Many school heads in Ho Chi Minh City do not know why their wishes to have Filipino English teachers work at their schools again in the 2013-2014 academic year have gone unfulfilled by the city’s education board.
Last year, thirteen teachers from the Philippines were recruited to teach English at 28 elementary and middle schools in eight districts across the southern city.
The recruitment was part of a pilot program to help the students at those schools improve their command of English, according to the municipal Department of Education and Training.
The Filipino teachers then worked with local colleagues in the second semester of the 2012-2013 school year, and eventually received positive feedback.
Vietnamese teachers and school heads praised the foreign colleagues for their expertise, friendliness, and ability to adapt quickly to Vietnam’s education environment.
Many of the 28 schools that received Filipino teachers in the 2012-2013 school year thus called on the city’s education board to allow them to keep the foreign staff for the 2013-2014 academic year.
“The school heads had filed their proposal before the 2012-2013 school year even finished, but we weren’t sure why no Filipino teachers were sent when the new school year began,” Ngo Xuan Dong, head of the education and training bureau of District 7, told Tuoi Tre (Youth) newspaper.
In Vietnam, an academic year usually starts in late August or early September, and ends in late May or early June the following year.
A schoolmaster, who spoke on condition of anonymity, said he did not receive any announcement from the municipal education department that Filipino teachers would no longer be employed.
While speaking to Tuoi Tre in August, school heads said the pilot program had allegedly ended, but none of them knew why.
In late 2012, the Ho Chi Minh City education department was busy preparing to implement its ambitious program, which aimed to hire as many as 100 Filipino English teachers.
The plan ignited an intense debate among educators, school principals, and parents as to why the department had decided to employ Filipinos, instead of native speakers from the UK, the U.S., Australia, and Canada.
The department director, Le Hong Son, later explained that Filipino teachers have standard accents thanks to the fact that English is one of the two official languages of the Philippines.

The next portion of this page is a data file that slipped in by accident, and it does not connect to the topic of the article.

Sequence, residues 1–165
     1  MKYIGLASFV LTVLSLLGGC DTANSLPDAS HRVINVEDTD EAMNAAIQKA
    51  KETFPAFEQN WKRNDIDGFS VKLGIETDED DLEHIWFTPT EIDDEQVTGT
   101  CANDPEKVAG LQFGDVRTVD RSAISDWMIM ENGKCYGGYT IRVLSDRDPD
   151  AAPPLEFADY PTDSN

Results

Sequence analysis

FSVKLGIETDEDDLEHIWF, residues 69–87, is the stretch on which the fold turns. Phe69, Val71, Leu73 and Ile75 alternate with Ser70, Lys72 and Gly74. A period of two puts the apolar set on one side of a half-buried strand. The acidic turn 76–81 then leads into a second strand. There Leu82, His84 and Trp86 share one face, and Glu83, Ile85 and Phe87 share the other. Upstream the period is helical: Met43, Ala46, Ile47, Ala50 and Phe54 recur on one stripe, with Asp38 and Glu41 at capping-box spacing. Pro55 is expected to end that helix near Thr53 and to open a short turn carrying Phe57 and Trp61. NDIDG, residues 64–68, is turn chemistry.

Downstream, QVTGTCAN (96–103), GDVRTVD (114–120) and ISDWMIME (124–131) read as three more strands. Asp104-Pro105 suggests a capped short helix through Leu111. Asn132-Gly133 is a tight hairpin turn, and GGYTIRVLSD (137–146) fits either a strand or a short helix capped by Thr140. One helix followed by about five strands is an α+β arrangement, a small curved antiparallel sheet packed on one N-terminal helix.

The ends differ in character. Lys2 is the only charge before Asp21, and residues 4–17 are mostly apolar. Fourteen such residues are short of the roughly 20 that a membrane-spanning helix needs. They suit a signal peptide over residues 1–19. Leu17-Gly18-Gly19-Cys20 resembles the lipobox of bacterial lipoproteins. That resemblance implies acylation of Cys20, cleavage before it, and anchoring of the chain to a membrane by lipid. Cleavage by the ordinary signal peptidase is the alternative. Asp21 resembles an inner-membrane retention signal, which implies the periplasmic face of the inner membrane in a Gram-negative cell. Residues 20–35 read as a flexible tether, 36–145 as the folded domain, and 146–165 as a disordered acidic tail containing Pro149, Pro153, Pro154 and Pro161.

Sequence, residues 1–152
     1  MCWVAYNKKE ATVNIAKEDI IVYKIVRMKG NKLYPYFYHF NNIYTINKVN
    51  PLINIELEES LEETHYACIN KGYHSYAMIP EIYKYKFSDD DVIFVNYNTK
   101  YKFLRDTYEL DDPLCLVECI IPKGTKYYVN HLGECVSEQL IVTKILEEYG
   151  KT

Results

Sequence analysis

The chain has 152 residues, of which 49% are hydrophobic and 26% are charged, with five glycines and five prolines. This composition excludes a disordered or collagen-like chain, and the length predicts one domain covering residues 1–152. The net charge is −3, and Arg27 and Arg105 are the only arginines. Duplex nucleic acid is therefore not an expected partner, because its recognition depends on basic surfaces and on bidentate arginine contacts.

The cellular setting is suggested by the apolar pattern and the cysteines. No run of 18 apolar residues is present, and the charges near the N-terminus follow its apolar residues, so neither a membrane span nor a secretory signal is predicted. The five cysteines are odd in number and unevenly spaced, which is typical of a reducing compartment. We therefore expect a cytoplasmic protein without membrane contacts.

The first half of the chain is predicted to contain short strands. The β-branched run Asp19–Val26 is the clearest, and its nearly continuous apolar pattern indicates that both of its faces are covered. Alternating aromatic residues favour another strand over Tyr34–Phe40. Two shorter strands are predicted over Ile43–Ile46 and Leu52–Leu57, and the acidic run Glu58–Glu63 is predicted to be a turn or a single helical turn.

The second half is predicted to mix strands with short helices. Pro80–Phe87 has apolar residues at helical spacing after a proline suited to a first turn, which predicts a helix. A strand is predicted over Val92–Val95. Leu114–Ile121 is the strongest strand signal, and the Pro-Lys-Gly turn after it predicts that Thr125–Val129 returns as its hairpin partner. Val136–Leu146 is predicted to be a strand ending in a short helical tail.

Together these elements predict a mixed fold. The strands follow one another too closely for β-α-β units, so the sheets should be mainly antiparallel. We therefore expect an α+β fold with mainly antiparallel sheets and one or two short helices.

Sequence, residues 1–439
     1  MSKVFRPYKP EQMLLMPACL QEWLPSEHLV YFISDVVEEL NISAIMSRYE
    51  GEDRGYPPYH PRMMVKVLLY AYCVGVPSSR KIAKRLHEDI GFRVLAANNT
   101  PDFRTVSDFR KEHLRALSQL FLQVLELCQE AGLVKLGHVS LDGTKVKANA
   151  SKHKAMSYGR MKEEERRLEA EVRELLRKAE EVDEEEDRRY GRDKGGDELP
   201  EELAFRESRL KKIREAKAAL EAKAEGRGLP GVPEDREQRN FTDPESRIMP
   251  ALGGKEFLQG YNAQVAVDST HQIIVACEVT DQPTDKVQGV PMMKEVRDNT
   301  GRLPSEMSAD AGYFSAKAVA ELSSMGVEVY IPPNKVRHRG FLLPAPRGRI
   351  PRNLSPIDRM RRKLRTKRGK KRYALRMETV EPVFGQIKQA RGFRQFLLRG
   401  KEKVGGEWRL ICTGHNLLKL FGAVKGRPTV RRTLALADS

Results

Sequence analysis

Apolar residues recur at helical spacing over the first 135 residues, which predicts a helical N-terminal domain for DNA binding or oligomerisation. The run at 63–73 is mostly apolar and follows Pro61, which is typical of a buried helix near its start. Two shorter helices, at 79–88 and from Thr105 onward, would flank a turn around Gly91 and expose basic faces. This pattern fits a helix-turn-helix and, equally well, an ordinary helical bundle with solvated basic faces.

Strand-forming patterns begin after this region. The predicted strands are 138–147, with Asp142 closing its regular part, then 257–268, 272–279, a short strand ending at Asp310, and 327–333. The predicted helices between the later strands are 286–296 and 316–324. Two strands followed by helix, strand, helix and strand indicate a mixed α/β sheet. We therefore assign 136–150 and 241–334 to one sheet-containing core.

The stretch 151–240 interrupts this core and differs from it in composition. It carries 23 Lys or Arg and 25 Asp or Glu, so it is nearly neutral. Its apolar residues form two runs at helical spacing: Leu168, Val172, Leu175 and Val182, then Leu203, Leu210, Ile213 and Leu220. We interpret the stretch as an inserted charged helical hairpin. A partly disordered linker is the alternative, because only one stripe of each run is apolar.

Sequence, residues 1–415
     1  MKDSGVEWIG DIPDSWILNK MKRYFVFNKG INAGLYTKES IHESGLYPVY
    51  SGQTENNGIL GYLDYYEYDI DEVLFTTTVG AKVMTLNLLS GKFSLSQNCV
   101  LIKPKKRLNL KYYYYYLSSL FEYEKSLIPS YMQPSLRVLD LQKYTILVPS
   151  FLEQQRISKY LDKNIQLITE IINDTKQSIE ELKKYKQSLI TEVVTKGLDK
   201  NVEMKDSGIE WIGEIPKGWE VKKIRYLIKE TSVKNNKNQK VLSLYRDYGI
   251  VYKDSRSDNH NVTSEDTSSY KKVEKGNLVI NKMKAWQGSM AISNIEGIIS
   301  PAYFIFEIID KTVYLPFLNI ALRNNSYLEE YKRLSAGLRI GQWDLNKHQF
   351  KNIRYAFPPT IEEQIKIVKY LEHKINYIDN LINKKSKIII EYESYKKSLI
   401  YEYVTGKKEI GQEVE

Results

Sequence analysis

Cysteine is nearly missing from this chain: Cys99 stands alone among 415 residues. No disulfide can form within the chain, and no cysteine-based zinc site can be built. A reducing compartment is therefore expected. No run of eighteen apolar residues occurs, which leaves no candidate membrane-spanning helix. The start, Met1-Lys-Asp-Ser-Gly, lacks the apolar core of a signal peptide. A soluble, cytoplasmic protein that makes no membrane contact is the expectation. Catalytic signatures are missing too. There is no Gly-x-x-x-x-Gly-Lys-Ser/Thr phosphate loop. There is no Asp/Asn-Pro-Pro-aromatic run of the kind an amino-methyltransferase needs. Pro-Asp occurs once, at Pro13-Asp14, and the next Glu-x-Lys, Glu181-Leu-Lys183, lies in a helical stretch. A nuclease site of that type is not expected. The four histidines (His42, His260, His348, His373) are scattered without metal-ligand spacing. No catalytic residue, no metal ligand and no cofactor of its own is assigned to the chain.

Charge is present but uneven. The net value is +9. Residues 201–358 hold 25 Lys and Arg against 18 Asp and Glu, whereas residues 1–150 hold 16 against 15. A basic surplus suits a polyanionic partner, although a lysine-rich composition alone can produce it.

They also demand a lower salary, a mere US$2,000 per month, compared to the $5,000 and $10,000 pay often sought by their Australian and British peers, respectively.
Super typhoon Haiyan to blame
Nguyen Van Hieu, deputy director of the municipal education department, told Tuoi Tre that the 13 Filipinos teaching English at schools in eight districts last year were carefully selected from 40 candidates recommended by a Filipino partner.
“Assessments by specialists from the department show that the foreign teachers helped improve the English command and accents of the students,” Hieu said.
The official added, however, that the program faced several challenges, including financial issues.
Hieu said the department did have plans to continue sending Filipino teachers to schools in the 2013-2014 school year, but some teachers were unable get a visa to Vietnam.
“The teachers and their families had their houses destroyed by the Super Typhoon Haiyan last November, so all of their papers were lost,” he elaborated, citing information from a Filipino manpower firm.
The Filipinos thus could not start teaching when the new school year began, due to what Hieu said was “an objective reason.”
“We decided to temporarily cease the recruitment of Filipino teachers, and allowed schools to hire qualified teachers from the UK, the U.S., or Australia,” he said.
Some Filipinos who taught at Ho Chi Minh City schools between 2012 and 2013 said they feel attached to the local educational environment.
However, some revealed that their monthly wage was not $2,000 as reported.
It was actually only around $900, one of the teachers said.